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part of the Toronto Iberic series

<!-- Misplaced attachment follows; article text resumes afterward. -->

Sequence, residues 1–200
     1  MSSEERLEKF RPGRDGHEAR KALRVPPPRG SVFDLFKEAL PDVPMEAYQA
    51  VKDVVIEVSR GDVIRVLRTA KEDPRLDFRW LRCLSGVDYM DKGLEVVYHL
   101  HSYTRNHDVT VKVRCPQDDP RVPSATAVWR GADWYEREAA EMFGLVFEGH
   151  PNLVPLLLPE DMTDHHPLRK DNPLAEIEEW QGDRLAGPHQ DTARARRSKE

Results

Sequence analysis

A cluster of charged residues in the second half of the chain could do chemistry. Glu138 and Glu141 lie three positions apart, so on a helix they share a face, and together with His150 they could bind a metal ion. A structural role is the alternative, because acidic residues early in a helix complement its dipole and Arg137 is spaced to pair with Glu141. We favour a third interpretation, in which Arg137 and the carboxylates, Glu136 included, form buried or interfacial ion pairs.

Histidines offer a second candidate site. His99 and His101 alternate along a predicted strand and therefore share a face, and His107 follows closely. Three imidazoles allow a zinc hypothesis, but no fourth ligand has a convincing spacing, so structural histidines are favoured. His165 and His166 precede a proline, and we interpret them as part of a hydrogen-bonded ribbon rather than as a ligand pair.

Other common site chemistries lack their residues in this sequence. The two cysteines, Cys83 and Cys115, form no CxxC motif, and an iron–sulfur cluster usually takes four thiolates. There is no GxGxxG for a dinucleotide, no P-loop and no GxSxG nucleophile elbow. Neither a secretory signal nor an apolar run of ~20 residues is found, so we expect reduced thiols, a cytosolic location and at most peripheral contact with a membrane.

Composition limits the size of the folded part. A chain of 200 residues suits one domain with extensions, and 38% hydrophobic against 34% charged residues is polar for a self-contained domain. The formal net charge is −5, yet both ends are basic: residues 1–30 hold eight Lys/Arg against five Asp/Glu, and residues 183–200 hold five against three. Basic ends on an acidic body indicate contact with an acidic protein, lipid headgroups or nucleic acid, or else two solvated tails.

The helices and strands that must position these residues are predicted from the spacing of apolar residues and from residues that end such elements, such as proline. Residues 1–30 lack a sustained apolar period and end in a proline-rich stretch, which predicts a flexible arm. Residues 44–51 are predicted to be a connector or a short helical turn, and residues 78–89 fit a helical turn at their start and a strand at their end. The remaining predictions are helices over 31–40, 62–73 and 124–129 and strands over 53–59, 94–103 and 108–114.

Cervantes' Architectures is the first book dedicated to architecture in Cervantes' prose fiction. At a time when a pandemic is sweeping the world, this book reflects on the danger outside by concentrating on the role of enclosed structures as places where humans may feel safe, or as sites of beauty and harmony that provide solace. At the same time, a number of the architectures in Cervantes trigger dread and claustrophobia as they display a kind of shapelessness and a haunting aura that blends with the narrative.This volume invites readers to discover hundreds of edifices that Cervantes built with the pen. Their variety is astounding. The narrators and characters in these novels tell of castles, fortifications, inns, mills, prisons, palaces, towers, and villas which appear in their routes or in their conversations, and which welcome them, amaze them, or entrap them. Cervantes may describe actual buildings such as the Pantheon in Rome, or he may imagine structures that metamorphose before our eyes, as we come to view one architecture within another, and within another, creating an abyss of space. They deeply affect the characters as they feel enclosed, liberated, or suspended or as they look upon such structures with dread, relief, or admiration. Cervantes' Architectures sheds light on how places and spaces are perceived through words and how impossible structures find support, paradoxically, in the literary architecture of the work.Show more
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